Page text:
Did anyone watch the Don Cheadle program House of Lies? I know it wasn’t everyone’s cup of tea but I found the cat and mouse, client/consultant relationship fascinating.
Now I know shows like that have a certain amount of embellishing to do and tend to be exaggerated caricatures of the real thing however there was a term that stood out for me in episode 1 – the data dump.
As described, it is the process by which consultants pour through their clients business information to really uncover the flaws (or in their case ‘opportunities’).
It made me wonder of how agencies go into this level of depth when taking a client on? Of course a client will usually have a brief which should outline in details what they want the agency to do. But if an agency partner were to ask to see all the data about about a company before deciding on what campaigns to run it takes the relationship to a whole new level. Simply put, it kind of saying, show me your data first before I can tell you what campaign I can run for you and the impact it will have.
Personally I don’t think we are far from this scenario. I’m finding myself dealing with more and more organisations who are waking up to just how much data and information they have.
I’m currently reading a book called Lean Analytics by Alistair Croll and Benjamin Yoskovitz. Amongst other areas, the book talks about finding startups concentrating on the one metric that matters (OMTM) and how as a startup you need to know what this is in order to survive but also not to go crazy about the multitude of other metrics you are faced with. Although it’s written for startups, I highly recommend it for anyone involved in any time of data analysis (so basically anyone in comms right?). In a world where we have a tsunami of data to work though, it provides a refreshing approach to make sense of what it all means. For comms professionals, it provides a framework through which to tell the right story in order to achieve the right result and show (in a quantified manner) how that result has hit home.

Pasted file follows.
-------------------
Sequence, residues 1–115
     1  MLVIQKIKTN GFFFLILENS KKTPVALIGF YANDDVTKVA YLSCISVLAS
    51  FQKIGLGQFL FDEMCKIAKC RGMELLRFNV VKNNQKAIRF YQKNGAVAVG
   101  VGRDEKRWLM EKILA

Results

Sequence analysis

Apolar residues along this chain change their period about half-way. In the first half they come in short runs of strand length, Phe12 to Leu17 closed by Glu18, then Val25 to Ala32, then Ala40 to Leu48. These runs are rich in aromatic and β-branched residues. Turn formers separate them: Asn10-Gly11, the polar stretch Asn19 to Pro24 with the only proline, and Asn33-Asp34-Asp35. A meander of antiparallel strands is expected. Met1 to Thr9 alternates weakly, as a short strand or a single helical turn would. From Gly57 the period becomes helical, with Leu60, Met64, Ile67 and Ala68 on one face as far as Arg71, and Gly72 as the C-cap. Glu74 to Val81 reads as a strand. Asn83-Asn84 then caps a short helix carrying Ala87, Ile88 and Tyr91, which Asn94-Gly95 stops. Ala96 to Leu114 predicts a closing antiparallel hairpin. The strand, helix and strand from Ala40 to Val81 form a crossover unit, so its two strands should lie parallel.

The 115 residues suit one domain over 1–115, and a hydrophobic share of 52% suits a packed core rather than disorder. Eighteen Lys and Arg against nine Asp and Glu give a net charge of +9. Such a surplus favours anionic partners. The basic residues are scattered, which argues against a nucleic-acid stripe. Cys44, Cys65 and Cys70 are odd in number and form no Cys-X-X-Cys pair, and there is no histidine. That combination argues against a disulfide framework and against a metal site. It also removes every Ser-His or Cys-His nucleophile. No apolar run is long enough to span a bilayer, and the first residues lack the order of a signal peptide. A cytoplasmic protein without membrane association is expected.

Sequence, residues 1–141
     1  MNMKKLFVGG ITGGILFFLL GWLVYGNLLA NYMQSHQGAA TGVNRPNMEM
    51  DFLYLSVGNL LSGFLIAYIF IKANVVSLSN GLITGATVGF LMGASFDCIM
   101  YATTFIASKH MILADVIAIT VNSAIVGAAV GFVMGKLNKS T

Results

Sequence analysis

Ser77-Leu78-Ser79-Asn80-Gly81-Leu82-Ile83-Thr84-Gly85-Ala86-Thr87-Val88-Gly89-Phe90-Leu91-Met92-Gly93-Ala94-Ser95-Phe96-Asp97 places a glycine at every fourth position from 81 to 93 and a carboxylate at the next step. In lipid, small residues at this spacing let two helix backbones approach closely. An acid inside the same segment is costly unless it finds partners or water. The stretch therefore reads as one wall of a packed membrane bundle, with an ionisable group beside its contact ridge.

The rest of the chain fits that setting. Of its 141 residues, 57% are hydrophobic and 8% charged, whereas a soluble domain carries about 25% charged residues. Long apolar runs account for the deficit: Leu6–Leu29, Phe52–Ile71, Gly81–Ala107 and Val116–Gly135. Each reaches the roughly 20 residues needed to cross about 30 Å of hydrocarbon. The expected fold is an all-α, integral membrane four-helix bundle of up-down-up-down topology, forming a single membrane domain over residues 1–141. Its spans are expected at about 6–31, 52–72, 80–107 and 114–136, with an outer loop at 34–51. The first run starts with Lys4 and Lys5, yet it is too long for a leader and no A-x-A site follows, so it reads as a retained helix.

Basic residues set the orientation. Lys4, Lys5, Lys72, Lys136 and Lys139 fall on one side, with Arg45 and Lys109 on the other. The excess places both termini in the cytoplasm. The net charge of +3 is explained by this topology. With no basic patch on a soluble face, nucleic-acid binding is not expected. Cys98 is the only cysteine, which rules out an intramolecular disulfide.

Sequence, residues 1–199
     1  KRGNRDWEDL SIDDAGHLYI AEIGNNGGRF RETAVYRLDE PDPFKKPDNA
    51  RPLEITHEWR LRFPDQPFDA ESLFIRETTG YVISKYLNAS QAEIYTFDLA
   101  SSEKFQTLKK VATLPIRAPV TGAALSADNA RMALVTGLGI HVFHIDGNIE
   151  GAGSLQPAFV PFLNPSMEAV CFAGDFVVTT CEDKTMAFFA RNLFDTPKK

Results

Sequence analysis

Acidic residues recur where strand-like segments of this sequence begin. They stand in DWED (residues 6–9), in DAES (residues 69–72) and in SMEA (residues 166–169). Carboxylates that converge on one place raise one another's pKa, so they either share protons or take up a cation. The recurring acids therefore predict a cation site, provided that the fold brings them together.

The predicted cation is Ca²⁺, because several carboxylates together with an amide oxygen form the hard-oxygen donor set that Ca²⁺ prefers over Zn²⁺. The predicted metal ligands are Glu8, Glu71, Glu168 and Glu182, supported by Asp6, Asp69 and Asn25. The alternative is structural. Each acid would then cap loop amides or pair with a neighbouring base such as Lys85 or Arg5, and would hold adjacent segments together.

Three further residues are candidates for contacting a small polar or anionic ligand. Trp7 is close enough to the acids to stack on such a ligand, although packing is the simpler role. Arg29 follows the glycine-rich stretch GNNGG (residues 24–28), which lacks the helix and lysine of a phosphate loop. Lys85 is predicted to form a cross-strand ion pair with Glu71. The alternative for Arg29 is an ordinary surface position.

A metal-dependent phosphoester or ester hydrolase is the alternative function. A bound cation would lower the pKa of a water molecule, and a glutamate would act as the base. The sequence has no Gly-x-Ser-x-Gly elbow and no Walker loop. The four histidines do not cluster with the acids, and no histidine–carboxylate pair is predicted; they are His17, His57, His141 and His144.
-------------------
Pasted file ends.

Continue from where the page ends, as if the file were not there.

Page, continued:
Now if I can just find someone to shout “SHOW ME THE DATA” at Jerry Macguire style….
Following on from my last post on ‘what’s really behind the social brief‘ I thought it might be a good idea to expand on some practical steps to elevate the problem that many agencies face when it appears their clients don’t ‘get it’.
Training and education seem the obvious first step to start. However let me break down the notion of ‘training’ in terms of what people expect it to be and what it best delivers.